Two Bodies1.

I erase my father in parts. We share a nose, eyebrows, and ears. I cover my mouth up in the mirror and see him staring back at me, so that even when it’s been two or four or six years since we’ve seen each other last, there he is!  I hate my nose with the tiny knob at the tip, a petite version of his crooked nub. I pluck my eyebrows daily to keep him at bay, if it’s possible to war with tweezers. I cover up my ears. I sleep with ear plugs in because I like the sound of no sound and the plugs begin to shape my cartilage in millimeters into something new. I rearrange my DNA on the daily. Our relationship has always been like this—at a distance but tethered together by the stupidest looking body parts.


I am holding two dolls and I do not know the word for this so I tell the clipboard with the face behind it: “He touched my two bodies.” I read it later in type. Two bodies. I find it in a file in the bottom of an old box. Since then, I’ve turned these two words over in my head probably ten thousand times. I sometimes feel of two bodies, only half of me mine. I go to sleep as two people and wake up a clumsy version of one.


What is a body anyway but just a rearrangement of space?


I was born purple, the umbilical cord wrapped around my neck. In the womb, I nearly lost an eye because of some misdirected procedure. I still have a tiny, barely perceptible scar on my eyelid. This all makes me think the universe was trying to send a message.


During one of his visits he says, “You never call me Papi anymore. Call me Papi.” His bald spot reflects the light. There is something desperate about him that upsets me.

“Papi’s too little kid, isn’t it?”

“Papá, then. Call me Papá.”

“But John is like the American way of saying Papá, right?”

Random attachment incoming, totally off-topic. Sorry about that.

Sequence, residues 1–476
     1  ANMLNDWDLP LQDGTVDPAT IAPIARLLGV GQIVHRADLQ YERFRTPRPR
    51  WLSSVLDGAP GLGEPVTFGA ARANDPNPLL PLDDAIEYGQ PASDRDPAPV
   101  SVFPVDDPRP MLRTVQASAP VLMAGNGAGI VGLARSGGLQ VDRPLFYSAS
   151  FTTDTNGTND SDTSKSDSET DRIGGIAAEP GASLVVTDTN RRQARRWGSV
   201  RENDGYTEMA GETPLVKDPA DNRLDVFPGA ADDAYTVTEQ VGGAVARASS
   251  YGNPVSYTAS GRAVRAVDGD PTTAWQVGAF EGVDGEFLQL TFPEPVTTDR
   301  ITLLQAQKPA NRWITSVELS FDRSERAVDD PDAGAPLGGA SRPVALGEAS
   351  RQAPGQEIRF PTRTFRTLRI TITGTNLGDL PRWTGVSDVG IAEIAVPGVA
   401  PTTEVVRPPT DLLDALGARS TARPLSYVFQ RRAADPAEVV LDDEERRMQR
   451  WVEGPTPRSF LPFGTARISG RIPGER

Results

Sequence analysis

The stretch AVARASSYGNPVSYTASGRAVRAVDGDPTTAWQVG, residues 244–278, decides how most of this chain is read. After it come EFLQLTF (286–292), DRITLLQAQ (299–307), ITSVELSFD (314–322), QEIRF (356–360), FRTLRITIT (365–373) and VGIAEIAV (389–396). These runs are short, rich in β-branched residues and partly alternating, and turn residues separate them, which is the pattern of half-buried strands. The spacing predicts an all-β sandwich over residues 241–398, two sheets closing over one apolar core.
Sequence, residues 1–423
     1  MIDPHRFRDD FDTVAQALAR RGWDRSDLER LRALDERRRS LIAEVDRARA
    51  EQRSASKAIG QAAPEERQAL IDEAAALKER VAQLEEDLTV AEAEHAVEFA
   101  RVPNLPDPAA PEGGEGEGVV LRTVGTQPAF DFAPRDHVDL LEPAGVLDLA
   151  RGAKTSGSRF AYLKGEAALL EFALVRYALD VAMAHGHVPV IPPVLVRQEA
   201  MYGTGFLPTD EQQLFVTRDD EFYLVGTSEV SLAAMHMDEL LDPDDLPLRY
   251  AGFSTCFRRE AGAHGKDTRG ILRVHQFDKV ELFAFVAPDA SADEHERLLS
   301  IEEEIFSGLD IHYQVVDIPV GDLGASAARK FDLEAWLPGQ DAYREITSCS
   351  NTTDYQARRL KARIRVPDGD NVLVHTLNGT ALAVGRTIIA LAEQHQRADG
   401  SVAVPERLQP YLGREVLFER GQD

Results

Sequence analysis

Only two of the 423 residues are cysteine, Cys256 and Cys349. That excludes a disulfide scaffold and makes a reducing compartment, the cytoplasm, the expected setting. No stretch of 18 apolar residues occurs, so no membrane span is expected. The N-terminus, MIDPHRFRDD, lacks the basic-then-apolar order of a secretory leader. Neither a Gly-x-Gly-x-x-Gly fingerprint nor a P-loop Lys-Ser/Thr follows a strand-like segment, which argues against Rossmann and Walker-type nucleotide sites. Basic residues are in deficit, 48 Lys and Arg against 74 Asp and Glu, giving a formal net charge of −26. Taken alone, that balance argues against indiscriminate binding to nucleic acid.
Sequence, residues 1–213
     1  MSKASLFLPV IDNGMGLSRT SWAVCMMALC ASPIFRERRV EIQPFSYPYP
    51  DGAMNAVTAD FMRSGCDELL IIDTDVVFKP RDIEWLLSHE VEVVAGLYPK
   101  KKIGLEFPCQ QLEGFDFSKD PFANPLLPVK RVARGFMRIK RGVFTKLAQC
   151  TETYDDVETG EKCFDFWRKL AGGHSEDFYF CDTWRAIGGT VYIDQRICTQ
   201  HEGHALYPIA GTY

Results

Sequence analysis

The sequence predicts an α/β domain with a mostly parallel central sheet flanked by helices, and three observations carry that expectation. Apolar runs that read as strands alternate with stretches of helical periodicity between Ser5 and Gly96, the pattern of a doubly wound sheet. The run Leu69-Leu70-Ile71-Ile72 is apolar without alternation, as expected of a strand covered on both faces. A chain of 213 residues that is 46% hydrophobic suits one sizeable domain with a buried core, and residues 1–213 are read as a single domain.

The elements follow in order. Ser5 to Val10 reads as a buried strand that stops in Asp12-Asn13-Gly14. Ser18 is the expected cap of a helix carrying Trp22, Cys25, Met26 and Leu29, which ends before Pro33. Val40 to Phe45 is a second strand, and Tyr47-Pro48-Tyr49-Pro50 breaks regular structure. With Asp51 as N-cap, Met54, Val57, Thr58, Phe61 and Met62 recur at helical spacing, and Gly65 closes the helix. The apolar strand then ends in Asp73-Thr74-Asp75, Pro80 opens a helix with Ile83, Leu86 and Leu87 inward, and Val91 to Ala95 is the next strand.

He was very sad. The sadness he wore like a wound. It was what he was best at. When we were together on his visits back to me, he’d make noise to cover it up. I’d try to stopper it. He’d whistle some made-up tune. He’d whistle at the station pumping gas, or at the mall, or when introducing me to friends.

He’d whistle when I wasn’t talking to him because he’d hurt me. He’d whistle when he wouldn’t admit that he had. He was very good at whistling. Later, I meet some other boys that whistle. They are all very sad, too.

I think: why wear your sadness so loudly? It makes me angry. Just put it away like the rest of us.

When I hear a whistle I sometimes think of him. It gets me into a panic. I like to forget things.

I am still learning my body.  I am still learning how it resists me. It would be nice to have two bodies. The one you’re given; the one you pick.


I have lived with him as a negative slide. It’s the parts you leave out that make the best story. It’s getting to be so that I already think of him in the past tense, just a paper cut-out, a loose end, poetic and manageable and neat.


I want to blame him for teaching me how to love poorly, but the truth is I taught myself how to unlove.


I remember a bicycle. I remember how the path sinks behind a white stucco wall, outside of view. Of this whole thing, not remembering is worse than knowing. Memory seems to work unwisely. You remember what you don’t want, you forget what you need. I don’t know in what category this particular memory fits, but I know that it will define every year that I’ve lived after it. It will define every thought I’ve had, every action I’ve taken, and everything that I will do in the moments after knowing. It’s sometimes easier to leave whatever happened behind it. It’s sometimes easier to stare at the white space.


I have to tell you, I’m not any braver than I was before.

 Jean Ferruzola lives and works in Seattle. She holds an MFA from the University of Washington, and her work has appeared in The Acentos Review. She currently writes for television, and is an editor for Pacifica Literary Review. She blogs on the origin of this essay here.

Photography by Michael McKniff